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1 From Primer Generation to Chromosome Identification: A Primer Generation Genotyping Method for Bacterial Identification and Typing

Authors: Wisam H. Benamer, Ehab A. Elfallah, Mohamed A. Elshaari, Farag A. Elshaari

Abstract:

A challenge for laboratories is to provide bacterial identification and antibiotic sensitivity results within a short time. Hence, advancement in the required technology is desirable to improve timing, accuracy and quality. Even with the current advances in methods used for both phenotypic and genotypic identification of bacteria the need is there to develop method(s) that enhance the outcome of bacteriology laboratories in accuracy and time. The hypothesis introduced here is based on the assumption that the chromosome of any bacteria contains unique sequences that can be used for its identification and typing. The outcome of a pilot study designed to test this hypothesis is reported in this manuscript. Methods: The complete chromosome sequences of several bacterial species were downloaded to use as search targets for unique sequences. Visual basic and SQL server (2014) were used to generate a complete set of 18-base long primers, a process started with reverse translation of randomly chosen 6 amino acids to limit the number of the generated primers. In addition, the software used to scan the downloaded chromosomes using the generated primers for similarities was designed, and the resulting hits were classified according to the number of similar chromosomal sequences, i.e., unique or otherwise. Results: All primers that had identical/similar sequences in the selected genome sequence(s) were classified according to the number of hits in the chromosomes search. Those that were identical to a single site on a single bacterial chromosome were referred to as unique. On the other hand, most generated primers sequences were identical to multiple sites on a single or multiple chromosomes. Following scanning, the generated primers were classified based on ability to differentiate between medically important bacterial and the initial results looks promising. Conclusion: A simple strategy that started by generating primers was introduced; the primers were used to screen bacterial genomes for match. Primer(s) that were uniquely identical to specific DNA sequence on a specific bacterial chromosome were selected. The identified unique sequence can be used in different molecular diagnostic techniques, possibly to identify bacteria. In addition, a single primer that can identify multiple sites in a single chromosome can be exploited for region or genome identification. Although genomes sequences draft of isolates of organism DNA enable high throughput primer design using alignment strategy, and this enhances diagnostic performance in comparison to traditional molecular assays. In this method the generated primers can be used to identify an organism before the draft sequence is completed. In addition, the generated primers can be used to build a bank for easy access of the primers that can be used to identify bacteria.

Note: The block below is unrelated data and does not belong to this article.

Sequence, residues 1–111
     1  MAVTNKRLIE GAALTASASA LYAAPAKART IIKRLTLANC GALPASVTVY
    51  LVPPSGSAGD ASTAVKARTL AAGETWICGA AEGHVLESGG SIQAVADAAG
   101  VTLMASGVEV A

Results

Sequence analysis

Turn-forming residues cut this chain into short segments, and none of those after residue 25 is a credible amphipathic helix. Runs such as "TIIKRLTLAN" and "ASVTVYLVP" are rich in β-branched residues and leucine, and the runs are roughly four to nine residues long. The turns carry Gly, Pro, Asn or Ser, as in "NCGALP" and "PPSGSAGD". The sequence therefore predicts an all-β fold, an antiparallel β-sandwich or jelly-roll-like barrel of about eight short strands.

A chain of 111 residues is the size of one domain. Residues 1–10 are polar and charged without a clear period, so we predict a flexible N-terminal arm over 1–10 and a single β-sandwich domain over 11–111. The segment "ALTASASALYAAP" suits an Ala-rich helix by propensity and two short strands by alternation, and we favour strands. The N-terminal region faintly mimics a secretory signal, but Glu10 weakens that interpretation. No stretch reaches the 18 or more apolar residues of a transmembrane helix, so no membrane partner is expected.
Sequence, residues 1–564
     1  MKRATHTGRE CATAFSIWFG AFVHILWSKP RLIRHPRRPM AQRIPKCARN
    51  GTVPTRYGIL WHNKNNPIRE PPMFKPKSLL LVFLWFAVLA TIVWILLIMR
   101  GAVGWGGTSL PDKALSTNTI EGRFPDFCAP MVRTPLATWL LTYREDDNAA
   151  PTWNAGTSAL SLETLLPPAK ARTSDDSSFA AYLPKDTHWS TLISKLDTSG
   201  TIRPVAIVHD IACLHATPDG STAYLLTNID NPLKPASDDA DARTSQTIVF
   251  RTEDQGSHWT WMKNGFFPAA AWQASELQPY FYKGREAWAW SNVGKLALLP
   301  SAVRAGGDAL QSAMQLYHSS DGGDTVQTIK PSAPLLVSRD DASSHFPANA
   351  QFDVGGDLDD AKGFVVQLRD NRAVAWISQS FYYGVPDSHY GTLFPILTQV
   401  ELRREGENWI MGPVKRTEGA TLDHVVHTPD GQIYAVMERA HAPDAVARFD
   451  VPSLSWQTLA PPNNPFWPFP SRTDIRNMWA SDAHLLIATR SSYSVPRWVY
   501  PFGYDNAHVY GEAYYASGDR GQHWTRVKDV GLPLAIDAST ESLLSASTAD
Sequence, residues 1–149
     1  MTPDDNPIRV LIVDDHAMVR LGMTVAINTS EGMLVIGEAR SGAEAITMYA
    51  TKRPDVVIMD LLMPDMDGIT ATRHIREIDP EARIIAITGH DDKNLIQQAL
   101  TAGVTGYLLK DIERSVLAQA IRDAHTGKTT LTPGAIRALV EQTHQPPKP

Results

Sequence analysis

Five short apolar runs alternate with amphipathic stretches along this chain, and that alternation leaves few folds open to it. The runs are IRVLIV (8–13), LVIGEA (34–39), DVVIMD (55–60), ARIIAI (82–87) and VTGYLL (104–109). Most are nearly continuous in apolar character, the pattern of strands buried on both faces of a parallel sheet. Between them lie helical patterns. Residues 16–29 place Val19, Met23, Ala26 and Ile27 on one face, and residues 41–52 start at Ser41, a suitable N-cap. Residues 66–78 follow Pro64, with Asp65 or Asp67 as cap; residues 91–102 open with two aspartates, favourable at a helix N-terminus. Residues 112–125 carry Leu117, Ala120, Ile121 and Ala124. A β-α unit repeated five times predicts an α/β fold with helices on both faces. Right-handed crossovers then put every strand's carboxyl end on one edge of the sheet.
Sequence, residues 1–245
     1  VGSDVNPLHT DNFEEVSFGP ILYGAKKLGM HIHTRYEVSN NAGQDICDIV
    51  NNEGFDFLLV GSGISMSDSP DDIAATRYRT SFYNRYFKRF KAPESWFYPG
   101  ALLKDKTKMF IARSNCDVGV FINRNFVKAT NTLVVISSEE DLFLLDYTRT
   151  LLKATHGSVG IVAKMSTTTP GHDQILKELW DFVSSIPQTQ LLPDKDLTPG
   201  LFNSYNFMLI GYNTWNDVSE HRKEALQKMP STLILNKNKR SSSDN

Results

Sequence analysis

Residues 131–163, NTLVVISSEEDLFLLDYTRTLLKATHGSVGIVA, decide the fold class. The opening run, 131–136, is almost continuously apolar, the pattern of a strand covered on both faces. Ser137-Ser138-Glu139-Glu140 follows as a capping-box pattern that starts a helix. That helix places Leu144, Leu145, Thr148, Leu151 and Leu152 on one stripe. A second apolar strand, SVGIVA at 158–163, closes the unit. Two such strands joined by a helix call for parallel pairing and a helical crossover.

Keywords: Bacteria chromosome, bacterial identification, sequence, primer generation.